Printed in Daily Times, August 27, 2014

Just not his game

This refers to your editorial ‘Hyper isolation?’ (August 22). It should now be apparent to most people that Imran Khan is doing irreparable damage to his party. 

As his well-wisher and former admirer, I sincerely advise him to retire from politics. He should leave the country after handing over his party to capable people like Asad Umar or Shafqat Mahmood. If he can't do that, he should at least get rid of people like Javed Hashmi, Shah Mahmood Qureshi and Shireen Mazari, whose antics have distressed his followers and made his party so unpopular.

Shakir Lakhani
Printed in The News, August 25, 2014

Nine reasons I no longer support Imran Khan

 Published: August 23, 2014


I had always admired Imran Khan. Even though I knew his party would not win in my constituency, I stood in line and voted for the Pakistan Tehreek-e-Insaf (PTI) candidate. But what has happened recently in the country has convinced me that Imran Khan is not suitable to be the country’s top leader and I have my reasons to believe so:
1. He is not consistent. He first accepted the results of the general elections, and then a year later claimed they were massively rigged.
2. He continues to backtrack. First he wanted elections only in four Punjab constituencies (one of which was not won by Pakistan Muslim League-Nawaz – PML-N), ignoring the fact that even if his party had won the four seats, they would still have been in the opposition.
Each day he raised new demands, until finally he claimed the prime minister should resign. Even if the prime minister does resign, his replacement will also be from PML-N, so how would that change the situation?
3. Even though all other political parties (including his allies, the Jamaat-e-Islami – JI) have not supported his stance, he continues to rant and rave, like a kid who has been deprived of his candy. Surely no one can respect such a politician?
4. He continues making wild allegations against the former chief justice, former chief election commissioner (both of whom he admired even after the elections). He also claimed that a brigadier was involved in the rigging, yet he has refused to name him. Mature politicians, in civilised countries, measure their words carefully before making such accusations.
5. His antics have only served to make his party very unpopular. No politician the world over would ever ask people not to pay taxes or utility bills, in a quest for civil disobedience. In all countries, such an act would be considered treasonable. Thankfully, most people have disregarded his request and even one of his own close confidants paid the due sales tax this month. Imran Khan fails to comprehend that if people in PTI-run province of Khyber-Pakhtunkhwa (K-P) stopped paying taxes, the government there would collapse in no time.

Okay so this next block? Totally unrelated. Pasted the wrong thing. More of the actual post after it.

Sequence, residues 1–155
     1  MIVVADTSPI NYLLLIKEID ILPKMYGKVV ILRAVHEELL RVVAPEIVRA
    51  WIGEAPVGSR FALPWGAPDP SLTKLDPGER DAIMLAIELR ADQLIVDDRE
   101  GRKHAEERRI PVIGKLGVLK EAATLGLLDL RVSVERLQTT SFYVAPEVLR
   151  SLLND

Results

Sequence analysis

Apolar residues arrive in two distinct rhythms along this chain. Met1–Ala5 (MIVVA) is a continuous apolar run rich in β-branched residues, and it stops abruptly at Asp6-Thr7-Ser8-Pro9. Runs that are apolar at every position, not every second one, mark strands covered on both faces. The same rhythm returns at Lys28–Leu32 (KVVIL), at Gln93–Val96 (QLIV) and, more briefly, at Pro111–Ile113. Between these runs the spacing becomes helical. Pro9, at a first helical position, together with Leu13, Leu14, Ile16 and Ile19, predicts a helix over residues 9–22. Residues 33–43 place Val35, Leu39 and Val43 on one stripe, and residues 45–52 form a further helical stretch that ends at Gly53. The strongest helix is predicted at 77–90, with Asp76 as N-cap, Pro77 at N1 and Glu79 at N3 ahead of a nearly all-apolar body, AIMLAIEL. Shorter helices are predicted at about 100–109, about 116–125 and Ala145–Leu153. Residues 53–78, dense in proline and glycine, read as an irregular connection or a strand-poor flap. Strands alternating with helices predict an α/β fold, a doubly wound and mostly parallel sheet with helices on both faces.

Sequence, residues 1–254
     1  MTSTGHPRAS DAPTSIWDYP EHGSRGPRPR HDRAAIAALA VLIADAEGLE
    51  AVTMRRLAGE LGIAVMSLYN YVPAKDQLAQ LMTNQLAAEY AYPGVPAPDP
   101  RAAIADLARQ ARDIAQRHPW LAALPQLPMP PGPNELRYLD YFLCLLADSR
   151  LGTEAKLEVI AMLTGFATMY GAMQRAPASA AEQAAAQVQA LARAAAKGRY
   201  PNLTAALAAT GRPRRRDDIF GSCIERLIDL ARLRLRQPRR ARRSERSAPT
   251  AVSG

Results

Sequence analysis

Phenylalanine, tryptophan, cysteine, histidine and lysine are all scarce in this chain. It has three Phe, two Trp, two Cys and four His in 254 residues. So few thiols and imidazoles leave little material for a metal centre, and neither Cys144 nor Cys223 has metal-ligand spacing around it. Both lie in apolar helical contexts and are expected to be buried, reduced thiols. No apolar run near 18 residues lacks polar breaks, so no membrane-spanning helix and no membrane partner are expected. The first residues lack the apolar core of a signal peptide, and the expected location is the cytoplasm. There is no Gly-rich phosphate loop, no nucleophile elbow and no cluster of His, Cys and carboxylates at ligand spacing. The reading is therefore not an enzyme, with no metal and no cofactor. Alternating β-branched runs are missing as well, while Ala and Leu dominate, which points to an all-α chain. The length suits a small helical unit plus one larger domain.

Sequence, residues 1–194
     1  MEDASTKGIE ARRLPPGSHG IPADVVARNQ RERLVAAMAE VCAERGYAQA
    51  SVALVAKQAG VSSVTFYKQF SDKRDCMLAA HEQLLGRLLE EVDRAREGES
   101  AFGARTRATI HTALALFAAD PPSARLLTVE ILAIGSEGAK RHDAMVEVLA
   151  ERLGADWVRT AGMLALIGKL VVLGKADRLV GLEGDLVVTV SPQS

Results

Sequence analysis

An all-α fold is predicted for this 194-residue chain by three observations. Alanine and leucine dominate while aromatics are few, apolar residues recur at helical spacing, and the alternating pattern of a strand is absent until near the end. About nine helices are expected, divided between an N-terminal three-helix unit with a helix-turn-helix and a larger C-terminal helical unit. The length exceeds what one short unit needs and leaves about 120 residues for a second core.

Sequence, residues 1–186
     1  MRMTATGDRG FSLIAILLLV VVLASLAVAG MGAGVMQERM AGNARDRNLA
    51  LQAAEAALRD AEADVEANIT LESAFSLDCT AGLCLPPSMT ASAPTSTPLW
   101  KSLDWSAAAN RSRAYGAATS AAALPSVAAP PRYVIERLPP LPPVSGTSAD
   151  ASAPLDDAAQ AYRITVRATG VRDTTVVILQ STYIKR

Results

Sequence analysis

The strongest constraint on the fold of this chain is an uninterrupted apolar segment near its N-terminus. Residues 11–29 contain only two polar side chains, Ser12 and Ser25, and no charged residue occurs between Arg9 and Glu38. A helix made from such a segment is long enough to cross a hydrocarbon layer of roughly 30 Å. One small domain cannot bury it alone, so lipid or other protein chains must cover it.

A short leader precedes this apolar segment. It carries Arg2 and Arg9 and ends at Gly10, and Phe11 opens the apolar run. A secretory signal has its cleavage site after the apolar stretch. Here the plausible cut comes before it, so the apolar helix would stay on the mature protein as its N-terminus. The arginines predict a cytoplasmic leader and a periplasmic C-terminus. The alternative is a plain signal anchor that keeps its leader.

6. Imran Khan even said that if his party came to power it would not pay its debts to international donors. This immediately led to the cancellation of the IMF delegation’s visit to Pakistan. How will world leaders ever trust such a man who does not care a damn for the country’s interests? Two world leaders have already cancelled their trips to Pakistan, and it is doubtful if the Chinese president will want to come if the dharnas continue.
7. A couple of times he has hinted that he wants to become the next prime minister. That, of course, let the cat out of the bag. If your only interest is to become prime minister, Mr Khan, why have you held the country hostage for the past 10 days? Why have you caused irreparable damage to Pakistan just because you want power? Why can’t you wait until the next elections? Or do you think if you continue damaging the country, the army will intervene and put you in the driver’s seat?
8. He and his party members have sent resignations to the National Assembly speaker, but strangely, they refuse to resign from the Khyber-Pakhtunkhwa (K-P) assembly. Why? Is it because remaining in power in one province gives them perks and privileges they would rather continue to enjoy?
9. And lastly, will his National Assembly members return the millions they took from the government during the past 16 months? I would be very surprised if they do!

Shakir Lakhani

Shakir Lakhani

Engineer, teacher, industrialist, associated with petroleum/chemical industries for many years. Loves writing, and (in the opinion of most of those who know him), mentally unbalanced. He tweets @shakirlakhani (
The views expressed by the writer and the reader comments do not necessarily reflect the views and policies of The Express Tribune.